3. Check the site you’re visiting
If you click on a phishing link received through an email or message, it will take you to a mock-up of the original website. If you pay close attention, you can pick out the elements that help you identify that it’s not a real website.
The webpage will typically contain a form you’ll have to fill, so as to acquire your login details. Before filling in any data, take a look at the website address in your browser’s address bar.
Though scammers can create a website that closely resembles the design, flow, and style of the real brand, they can’t create a replica of their original domain name. Domain names are paid for by the original website owners, and nobody else can use the exact same URL for their website.
An attacker’s fake website’s URL will usually contain a name similar or resembling that of the brand’s, along with some numbers, symbols, letters, or words.
If these fake websites are trying to replicate a known brand you often visit, then the design and flow will feel a little off. For example, when signing in to Gmail, you fill up your username and password on different pages. A fake website might not be able to copy this flow and you’ll be able to recognize that if you’re vigilant.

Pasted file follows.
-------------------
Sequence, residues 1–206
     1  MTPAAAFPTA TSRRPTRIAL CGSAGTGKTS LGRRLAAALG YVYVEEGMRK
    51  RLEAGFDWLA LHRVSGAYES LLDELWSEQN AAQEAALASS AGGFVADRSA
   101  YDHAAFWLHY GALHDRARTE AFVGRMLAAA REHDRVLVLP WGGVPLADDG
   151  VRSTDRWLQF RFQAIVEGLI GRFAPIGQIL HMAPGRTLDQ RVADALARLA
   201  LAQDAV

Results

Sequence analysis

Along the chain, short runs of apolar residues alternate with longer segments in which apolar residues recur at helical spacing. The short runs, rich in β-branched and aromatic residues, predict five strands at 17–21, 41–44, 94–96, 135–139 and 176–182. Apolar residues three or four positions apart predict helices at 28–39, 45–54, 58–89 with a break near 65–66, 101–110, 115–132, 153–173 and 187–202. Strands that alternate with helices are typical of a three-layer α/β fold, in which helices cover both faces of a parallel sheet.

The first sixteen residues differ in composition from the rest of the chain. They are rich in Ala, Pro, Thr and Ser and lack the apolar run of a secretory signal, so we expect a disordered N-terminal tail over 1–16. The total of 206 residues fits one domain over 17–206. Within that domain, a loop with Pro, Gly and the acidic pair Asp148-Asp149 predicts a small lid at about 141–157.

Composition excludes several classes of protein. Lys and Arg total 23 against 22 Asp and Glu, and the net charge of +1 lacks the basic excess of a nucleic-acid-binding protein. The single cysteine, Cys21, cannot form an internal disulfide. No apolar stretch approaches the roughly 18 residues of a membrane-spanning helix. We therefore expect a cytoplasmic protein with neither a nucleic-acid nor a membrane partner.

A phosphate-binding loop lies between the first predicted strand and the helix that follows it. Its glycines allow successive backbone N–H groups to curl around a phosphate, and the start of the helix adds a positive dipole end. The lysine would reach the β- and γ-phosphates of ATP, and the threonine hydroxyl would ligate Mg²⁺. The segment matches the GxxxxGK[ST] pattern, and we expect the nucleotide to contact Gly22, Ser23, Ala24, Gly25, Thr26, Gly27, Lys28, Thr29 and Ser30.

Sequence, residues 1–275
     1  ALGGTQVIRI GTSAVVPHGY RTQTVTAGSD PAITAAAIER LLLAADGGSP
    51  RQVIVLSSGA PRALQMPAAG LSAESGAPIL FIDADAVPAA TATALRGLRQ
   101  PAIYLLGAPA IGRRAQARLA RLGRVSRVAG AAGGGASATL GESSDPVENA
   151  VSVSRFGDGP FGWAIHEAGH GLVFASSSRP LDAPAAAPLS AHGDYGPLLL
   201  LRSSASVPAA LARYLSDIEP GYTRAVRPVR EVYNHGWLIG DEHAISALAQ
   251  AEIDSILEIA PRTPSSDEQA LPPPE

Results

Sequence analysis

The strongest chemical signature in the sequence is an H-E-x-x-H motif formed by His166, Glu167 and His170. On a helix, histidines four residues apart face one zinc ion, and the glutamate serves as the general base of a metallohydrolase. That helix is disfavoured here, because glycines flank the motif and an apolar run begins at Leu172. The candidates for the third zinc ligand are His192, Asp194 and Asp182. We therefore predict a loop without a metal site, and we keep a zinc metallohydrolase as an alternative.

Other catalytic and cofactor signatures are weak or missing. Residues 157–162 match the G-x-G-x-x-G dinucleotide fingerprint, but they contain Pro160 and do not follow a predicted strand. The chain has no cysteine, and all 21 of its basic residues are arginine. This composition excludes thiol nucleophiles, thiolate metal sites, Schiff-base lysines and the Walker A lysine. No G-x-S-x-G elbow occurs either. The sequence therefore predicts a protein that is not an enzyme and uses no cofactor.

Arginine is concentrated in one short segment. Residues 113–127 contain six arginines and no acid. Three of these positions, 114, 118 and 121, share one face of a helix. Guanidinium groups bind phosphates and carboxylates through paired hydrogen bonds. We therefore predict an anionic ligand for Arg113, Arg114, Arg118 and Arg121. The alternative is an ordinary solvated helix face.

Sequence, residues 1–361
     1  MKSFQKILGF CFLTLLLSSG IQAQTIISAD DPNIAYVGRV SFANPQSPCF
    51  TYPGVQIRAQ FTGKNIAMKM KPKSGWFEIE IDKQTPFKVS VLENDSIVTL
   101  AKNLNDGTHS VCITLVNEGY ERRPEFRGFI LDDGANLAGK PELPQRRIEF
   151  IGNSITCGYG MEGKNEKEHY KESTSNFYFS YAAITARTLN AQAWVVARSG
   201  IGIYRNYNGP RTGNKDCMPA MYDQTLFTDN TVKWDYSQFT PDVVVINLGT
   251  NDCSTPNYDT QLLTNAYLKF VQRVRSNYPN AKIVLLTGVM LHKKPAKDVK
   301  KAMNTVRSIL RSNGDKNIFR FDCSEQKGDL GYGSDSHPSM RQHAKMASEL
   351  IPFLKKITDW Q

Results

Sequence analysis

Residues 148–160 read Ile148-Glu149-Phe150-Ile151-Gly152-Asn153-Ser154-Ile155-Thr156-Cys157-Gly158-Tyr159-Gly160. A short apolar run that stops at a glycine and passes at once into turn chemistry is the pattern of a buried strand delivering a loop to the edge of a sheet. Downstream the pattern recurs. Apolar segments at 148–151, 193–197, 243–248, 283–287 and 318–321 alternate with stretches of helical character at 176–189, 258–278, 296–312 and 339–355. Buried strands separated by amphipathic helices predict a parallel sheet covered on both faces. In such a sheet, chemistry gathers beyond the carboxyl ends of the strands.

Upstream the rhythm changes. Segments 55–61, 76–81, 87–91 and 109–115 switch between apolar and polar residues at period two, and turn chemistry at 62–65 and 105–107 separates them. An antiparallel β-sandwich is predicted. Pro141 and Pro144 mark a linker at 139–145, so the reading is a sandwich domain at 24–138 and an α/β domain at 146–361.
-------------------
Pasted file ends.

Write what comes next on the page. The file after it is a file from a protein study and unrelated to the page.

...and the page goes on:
4. Pay attention to the sender’s email address
One common Phishing scam is where a big brand sends you an email, informing you that there is some issue with your account and you have to log in to ‘fix it’. These emails will have a link attached to them, which will take you to a fake website of the original brand.
A good way to deal with this is to check the email address the mail has been sent from. Hackers can’t copy the brand’s original domain name in their email. So, if the original email address would be [email protected], the phishing email will be sent from [email protected]
You should also check the URL before clicking. If you’re using a laptop or a computer, hover your mouse over the link provided in the email. You’ll be able to see the entire URL and if it’s not the same as the brand’s, then don’t click on it! If you’re using a smartphone, you can touch and press on the link till the entire URL is revealed.
Now that you’ve read up all on types of Phishing attacks and how you can prevent them, it should be easier for you to identify these attacks and not fall for them. It’s important to be a mindful internet user.
You should always be careful when you’re entering sensitive information on a website. Stop and exit immediately if you feel something is fishy!
If you have any feedback and queries, do mention in the comments below.
Interesting read: Brute Force Attack: All you Need to Know